Russ Hexter died in 1996 at the age of 27, and I still feel like giving him a call every day. He was the kind of best friend who dozens of other people called their best friend, too. Kind, generous, and so talented it was inspiring just to be around him. Yeah, it’s easy to put the dead on a pedestal, but Russ belongs there.
Just before his death he directed Dadetown, a mockumentary that helped define the genre. It screened at Sundance and blew audiences away. He was on a trajectory that was indisputable. He was Hollywood-bound. But knowing Russ, he would have kept his New York roots, even as the glitz of LA trained its eyes on him. He was just that way. He loved grit, and realism and he had a keen eye for what made it translate to film. He was scheduled to meet with Diane Keaton the day after he died to discuss directing her next film. I think they would have worked very well together. He was a huge fan and shared her sensibilities and sense of humor.
Recently, I was having one of those “how did I get here?” moments. They seem to happen more frequently as I grow older. I have a horrid memory as it is, so it’s always a bit of a dark comedy to be in my brain when I reminisce. Questions like, “did that really happen?” and “did I actually go to that party, or did I just hear about it happening?” plow through my head as I try to determine how much of life is what happens versus what I think maybe, kind, sorta, maybe not happened. One question I asked was “how did I end up writing a mystery series?” At first glance, it appears unlikely. I always liked action films, Star Wars, comic books. My life was supposed to be filled with super heroes and hidden identities. But when I dug deeper I remembered my love of Sherlock Holmes. I remembered my pile of Hardy Boys books. And I remembered Phillip Niles.
The Secret Files of Phillip Niles was a Russ Hexter student film. He asked me to play the lead for reasons I’ll never understand. I’m no actor, as you can see in the short film. But my love of mystery (and my old dream to be a detective like Sherlock) overcame my camera shyness. I’m glad I did. Watching the old movie (1988!) reminds me of the kind, efficient filmmaking Russ was known for. The shoot was as much a social scene as it was a set! We all had fun and I think it shows.
Sure, the film is rough. We were all just getting our hands on the equipment for the first time. It’s all voice-over and soundtrack. It was cut on an old Steenbeck. But you can see Russ’ love of story in every frame. And I hope you can see my love of being the sleuth hero. Thanks for the chance to go all Benedict Cumberbatch, Russ. I miss you!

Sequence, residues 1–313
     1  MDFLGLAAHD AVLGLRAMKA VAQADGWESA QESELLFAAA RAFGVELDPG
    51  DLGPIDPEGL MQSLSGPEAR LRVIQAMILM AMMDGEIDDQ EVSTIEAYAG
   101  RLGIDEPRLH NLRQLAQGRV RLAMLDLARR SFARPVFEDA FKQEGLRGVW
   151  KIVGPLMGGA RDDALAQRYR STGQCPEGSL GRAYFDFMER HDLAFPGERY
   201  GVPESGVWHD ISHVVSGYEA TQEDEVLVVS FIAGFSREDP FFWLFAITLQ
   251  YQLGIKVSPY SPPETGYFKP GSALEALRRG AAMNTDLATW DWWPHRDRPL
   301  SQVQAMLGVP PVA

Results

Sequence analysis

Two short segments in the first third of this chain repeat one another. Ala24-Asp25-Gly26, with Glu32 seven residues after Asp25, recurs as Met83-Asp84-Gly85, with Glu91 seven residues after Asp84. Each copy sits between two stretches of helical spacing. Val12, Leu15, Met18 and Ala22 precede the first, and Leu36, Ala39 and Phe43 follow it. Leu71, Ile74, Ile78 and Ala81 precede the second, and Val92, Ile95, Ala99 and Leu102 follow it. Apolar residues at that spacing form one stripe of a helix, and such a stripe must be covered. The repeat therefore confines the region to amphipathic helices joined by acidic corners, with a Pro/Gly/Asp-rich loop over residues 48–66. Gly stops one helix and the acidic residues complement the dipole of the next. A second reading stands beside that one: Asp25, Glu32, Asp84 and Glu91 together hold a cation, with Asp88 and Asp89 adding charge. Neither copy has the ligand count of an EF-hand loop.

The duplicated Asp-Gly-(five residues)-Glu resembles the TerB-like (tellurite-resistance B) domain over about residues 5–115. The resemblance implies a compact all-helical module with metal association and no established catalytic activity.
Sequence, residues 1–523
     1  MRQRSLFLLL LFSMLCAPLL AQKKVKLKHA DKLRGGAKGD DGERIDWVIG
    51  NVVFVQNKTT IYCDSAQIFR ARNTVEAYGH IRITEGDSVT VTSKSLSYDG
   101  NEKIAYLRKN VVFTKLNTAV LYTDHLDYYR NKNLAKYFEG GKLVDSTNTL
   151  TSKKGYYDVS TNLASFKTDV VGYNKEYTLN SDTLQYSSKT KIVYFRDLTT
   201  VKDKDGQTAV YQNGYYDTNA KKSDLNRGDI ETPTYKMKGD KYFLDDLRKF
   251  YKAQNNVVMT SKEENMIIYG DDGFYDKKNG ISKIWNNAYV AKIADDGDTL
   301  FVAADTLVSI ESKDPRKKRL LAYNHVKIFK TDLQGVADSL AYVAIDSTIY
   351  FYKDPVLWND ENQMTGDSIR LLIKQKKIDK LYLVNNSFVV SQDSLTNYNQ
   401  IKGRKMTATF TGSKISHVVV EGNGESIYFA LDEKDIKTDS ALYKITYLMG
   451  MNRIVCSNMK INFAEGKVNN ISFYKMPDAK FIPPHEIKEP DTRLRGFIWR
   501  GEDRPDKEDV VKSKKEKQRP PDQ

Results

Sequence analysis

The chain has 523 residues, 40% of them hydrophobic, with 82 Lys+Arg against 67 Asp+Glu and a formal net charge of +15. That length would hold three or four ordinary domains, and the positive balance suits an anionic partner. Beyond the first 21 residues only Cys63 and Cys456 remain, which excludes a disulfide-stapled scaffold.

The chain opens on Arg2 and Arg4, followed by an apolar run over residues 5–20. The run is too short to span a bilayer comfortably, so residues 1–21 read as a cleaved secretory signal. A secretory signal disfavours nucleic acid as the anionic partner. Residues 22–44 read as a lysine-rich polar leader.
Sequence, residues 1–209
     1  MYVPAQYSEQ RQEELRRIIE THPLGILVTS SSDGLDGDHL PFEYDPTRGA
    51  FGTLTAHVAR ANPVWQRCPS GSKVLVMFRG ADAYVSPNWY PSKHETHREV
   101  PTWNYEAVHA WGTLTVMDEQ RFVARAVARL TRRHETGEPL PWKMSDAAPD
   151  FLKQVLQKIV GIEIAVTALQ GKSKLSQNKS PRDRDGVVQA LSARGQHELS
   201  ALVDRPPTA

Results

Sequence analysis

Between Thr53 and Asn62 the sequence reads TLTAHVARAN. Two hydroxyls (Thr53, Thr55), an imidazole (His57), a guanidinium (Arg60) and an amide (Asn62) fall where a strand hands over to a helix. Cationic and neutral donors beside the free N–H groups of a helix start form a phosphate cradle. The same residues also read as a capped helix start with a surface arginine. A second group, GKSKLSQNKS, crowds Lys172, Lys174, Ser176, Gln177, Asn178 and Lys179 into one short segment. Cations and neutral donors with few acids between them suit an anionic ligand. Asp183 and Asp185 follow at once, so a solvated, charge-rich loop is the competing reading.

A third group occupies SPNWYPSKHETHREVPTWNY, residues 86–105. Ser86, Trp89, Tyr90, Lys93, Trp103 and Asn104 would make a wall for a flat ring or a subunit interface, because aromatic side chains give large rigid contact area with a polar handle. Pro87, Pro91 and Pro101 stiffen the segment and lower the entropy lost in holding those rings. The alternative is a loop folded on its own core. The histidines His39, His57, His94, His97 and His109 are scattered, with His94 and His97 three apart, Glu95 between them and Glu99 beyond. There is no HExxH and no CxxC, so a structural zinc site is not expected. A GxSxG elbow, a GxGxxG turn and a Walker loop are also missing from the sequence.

Harry Potter is huge. His presence in the collective literary room is like having the Pope in a Catholic school cafeteria. Everyone wants a piece of him. Maybe his aura will rub off and we can have some of that, for want of a better term, magic.
But there are other worlds out there to explore (though don’t try to tell that to my son). Harry Potter rocks, but so do these tomes. I love the way the list breaks down exactly what you should read by asking questions. I actually found my next read with it! Howl’s Moving Castle, here I come…
NOTE: This is the third post in a series,where I hope to capture the stress, heartache and rewards of writing a book with characters from the Camelot mythology. The title of my upcoming book is The Camelot Kids.
Catch up with part one and part two in this series for a complete picture.
Writing is hard.
Writing about famous figures is harder.
Writing about Camelot is downright dangerous. The consequences of taking creative license with something that has Ivy League programs dedicated to it invites wrath that’s usually reserved for atheists writing about God. But, really, can you think of a more exciting hill to climb?
When I started researching The Camelot Kids, I’d never read any of the classic Arthurian tomes. I’d never seen the racy Excalibur flick or Disney’s Sword in the Stone. But somewhere along the line I’d become so familiar with the gist of the key characters that I spontaneously grew an appetite to consume their stories, old and new.
As I immersed myself in the myth of Arthur and his Knights of the Round Table I’ve been struck by how familiar it is. Where did I ingest the story so deeply that I could tell you about Mordred or Morgan Le Fay? How could I recall the young Arthur pulling the sword from the stone? Why was Lancelot so burned into my mind’s eye?
When I read A Connecticut Yankee in King Arthur’s Court, I was surprised to find that it was good to see these old stalwarts, these staples of fantasy. It wasn’t quite the same as seeing a new Indiana Jones movie, or picking up a new Harry Potter, but it was still a tug at the heart which is the sole domain for old favorites.
But how could a myth that I’m unfamiliar with mean anything to me?
Street art for the rest of us
What is it about economic hard times that brings out the street artists in us? As the industrialized world grapples with low wages and few jobs, the number of sidewalk artists that have blown me away has grown. My uncle, Henry Chalfant, documented the youth of New York in the 1980s. His film, Style Wars, shows how pertinent this kind of work is. An argument can be made that the art these kids do is more “important” than any art you see in a gallery. It’s arguable, but the argument becomes easier the more street art you see. Especially these days.
Here are some magnificent examples. The Calvin and Hobbes bit in the first link tore a tiny hole in my heart…
Street art inspiration